Throughout Sunday night and for most of the next day, volunteers read the names of thousands of Holocaust victims in recognition of Holocaust Remembrance Day.
Aaron Liener, Hebrew language and literature senior and one of the main event organizers, said the goal was to read at least 20,000 names continuously from Sunday at 5 p.m. to Monday at 5 p.m. According to Liener, it would be impossible for anyone to read all of the names of the six million victims of the Holocaust in less than nine months.
“If we did that, [it would be] 277 consecutive days of reading these names,” Liener said. “It helps people grasp the concept of six million people.”
Liener said the biggest issue organizers faced when planning the event was recruiting people to sign up to read names. According to Liener, many did not fill the early morning time slots until 48 hours before the event, and Meital Boim, journalism and nutrition junior, said some people read without signing up at all.
“People who thought they weren’t going to have time to read would drop by in the middle of the day and say, ‘Hey, I have five minutes. Do you mind if I read a sheet even though I didn’t sign up?’” Boim said. “Lots of people were interested.”
Boim, who had three of her four grandparents affected by the Holocaust, said many people may not have understood the importance of the event unless they heard the name of a concentration camp as it accompanied one of the names of the victims.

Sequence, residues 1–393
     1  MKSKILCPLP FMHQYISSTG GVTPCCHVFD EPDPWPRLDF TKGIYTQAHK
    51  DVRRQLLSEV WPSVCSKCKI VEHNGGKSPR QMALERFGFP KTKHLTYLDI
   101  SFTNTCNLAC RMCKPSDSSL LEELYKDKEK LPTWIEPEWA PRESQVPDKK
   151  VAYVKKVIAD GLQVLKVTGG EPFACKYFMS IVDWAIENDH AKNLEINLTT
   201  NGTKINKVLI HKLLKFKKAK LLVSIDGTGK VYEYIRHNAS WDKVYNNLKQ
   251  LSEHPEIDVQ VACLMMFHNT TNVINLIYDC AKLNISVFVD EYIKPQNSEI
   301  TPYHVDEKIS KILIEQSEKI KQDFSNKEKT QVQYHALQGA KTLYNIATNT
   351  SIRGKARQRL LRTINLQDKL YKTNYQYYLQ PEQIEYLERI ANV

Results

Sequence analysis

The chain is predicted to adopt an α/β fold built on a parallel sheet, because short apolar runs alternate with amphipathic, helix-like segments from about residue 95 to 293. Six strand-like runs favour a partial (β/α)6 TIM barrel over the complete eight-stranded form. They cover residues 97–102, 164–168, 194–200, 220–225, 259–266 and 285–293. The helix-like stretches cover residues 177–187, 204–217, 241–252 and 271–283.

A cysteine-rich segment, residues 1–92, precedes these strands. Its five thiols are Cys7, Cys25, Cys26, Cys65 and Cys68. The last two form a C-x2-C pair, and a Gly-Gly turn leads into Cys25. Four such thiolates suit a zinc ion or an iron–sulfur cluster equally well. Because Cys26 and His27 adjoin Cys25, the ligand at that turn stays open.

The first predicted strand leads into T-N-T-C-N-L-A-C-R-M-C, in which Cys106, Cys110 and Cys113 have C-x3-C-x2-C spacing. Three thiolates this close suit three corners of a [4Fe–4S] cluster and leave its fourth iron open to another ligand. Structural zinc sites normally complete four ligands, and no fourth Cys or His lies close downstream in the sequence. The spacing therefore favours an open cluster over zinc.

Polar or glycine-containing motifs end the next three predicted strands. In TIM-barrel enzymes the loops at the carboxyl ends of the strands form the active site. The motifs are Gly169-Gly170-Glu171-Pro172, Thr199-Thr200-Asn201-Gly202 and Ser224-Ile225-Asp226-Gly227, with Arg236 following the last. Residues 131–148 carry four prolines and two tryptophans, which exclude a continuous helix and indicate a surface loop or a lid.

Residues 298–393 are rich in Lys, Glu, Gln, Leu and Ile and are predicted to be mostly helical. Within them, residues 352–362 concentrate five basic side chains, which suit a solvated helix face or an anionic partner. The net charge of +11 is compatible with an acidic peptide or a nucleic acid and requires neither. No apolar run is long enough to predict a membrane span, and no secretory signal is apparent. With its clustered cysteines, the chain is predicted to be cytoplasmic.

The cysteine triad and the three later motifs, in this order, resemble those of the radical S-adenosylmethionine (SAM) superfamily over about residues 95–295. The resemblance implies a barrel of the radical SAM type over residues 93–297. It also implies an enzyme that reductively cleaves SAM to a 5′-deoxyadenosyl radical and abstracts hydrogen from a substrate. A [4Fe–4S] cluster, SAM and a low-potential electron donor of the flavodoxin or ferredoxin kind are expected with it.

“I think when people were walking by, they probably heard a word like Auschwitz or Treblinka and realize that this was something to commemorate the Holocaust,” Boim said. “I think just realizing for one minute that this day has a greater significance than just what classes they’re going to and what homework they need to do and what they’re having for lunch … that they could step out of their bubble for the two seconds that they walk by here is really good enough for me.”
Tomer Maron, an Israel fellow for Texas Hillel, said he participated in the event to remember the people who lost their lives.
“I read maybe 50 names or so, but those 50 names will not be forgotten,” Maron said. “I read them. I will remember some of them, and hopefully every student who passed remembered a name, or heard one name, even. Make sure those people are never forgotten.”